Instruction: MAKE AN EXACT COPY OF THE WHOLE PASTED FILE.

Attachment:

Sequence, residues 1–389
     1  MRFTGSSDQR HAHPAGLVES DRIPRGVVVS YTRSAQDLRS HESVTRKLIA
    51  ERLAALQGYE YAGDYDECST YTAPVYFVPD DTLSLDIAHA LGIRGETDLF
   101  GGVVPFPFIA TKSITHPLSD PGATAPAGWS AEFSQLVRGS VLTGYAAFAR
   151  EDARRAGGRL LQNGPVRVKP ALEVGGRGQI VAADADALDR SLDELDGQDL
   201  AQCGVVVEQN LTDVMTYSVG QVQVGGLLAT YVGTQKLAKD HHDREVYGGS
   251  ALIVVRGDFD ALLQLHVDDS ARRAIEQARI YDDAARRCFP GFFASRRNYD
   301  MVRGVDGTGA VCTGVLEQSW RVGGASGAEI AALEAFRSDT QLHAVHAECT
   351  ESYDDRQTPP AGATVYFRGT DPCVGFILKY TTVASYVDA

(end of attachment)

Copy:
Sequence, residues 1–389
     1  MRFTGSSDQR HAHPAGLVES DRIPRGVVVS YTRSAQDLRS HESVTRKLIA
    51  ERLAALQGYE YAGDYDECST YTAPVYFVPD DTLSLDIAHA LGIRGETDLF
   101  GGVVPFPFIA TKSITHPLSD PGATAPAGWS AEFSQLVRGS VLTGYAAFAR
   151  EDARRAGGRL LQNGPVRVKP ALEVGGRGQI VAADADALDR SLDELDGQDL
   201  AQCGVVVEQN LTDVMTYSVG QVQVGGLLAT YVGTQKLAKD HHDREVYGGS
   251  ALIVVRGDFD ALLQLHVDDS ARRAIEQARI YDDAARRCFP GFFASRRNYD
   301  MVRGVDGTGA VCTGVLEQSW RVGGASGAEI AALEAFRSDT QLHAVHAECT
   351  ESYDDRQTPP AGATVYFRGT DPCVGFILKY TTVASYVDA